I recently saw this 3-minute animated video of what it is like for your brain when you are in grief. As the video says in the opening, we often say people are heartbroken when it may be better to say brain-broken.
A person’s response to grief actually does affect your brain and how you deal with life. This probably does not come as a surprise since we tell grieving people not make major life decisions too quickly. Why? Because their brain is not functioning in the normal mode. It is in grief mode.
The video also talks about “stages” of grief, and stages of anything is always an “iffy” concept (note the different options available above), but it does note that people move through the shock, anger/depression, and acceptance of death in different lengths of time. I probably went through this faster than my wife, Mary Ann, in part because I had been writing about Oliver’s impending death — I was working through his death while he was still alive. I also probably went through it faster for the simple reason that Mary Ann and I are not the same person. Every person will handle grief differently. No one way is right and our brain has something to say about it.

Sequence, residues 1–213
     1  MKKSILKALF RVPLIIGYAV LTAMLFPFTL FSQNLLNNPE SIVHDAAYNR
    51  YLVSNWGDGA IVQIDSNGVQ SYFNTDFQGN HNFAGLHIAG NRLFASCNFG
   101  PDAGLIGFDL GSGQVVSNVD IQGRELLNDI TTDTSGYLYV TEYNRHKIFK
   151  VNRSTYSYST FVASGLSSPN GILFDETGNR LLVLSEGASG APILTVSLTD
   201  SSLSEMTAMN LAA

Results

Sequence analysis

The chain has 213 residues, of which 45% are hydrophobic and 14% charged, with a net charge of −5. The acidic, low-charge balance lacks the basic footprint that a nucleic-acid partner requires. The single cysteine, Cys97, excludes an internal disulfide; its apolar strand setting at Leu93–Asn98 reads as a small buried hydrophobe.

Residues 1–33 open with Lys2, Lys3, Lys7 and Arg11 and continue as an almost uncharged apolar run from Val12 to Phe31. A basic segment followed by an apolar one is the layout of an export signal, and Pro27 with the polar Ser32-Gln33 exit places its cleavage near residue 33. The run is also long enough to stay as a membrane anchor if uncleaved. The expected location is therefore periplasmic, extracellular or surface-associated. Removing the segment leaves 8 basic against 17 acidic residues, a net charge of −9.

Although the period of grief will differ for people, the video claims many people go through this in a year. I would guess that people going through an unexpected death may go through this longer and parents of children even longer. The confusion comes when society sees “acceptance” as a time of “getting over it.” You don’t get over grief, but you do come to deal with the loss better over time.
But the most important aspect of the video is that it shows us how grief affects us physically and mentally, which ties into our emotional responses. After watching this, you’ll understand your own and other’s grief just a little better.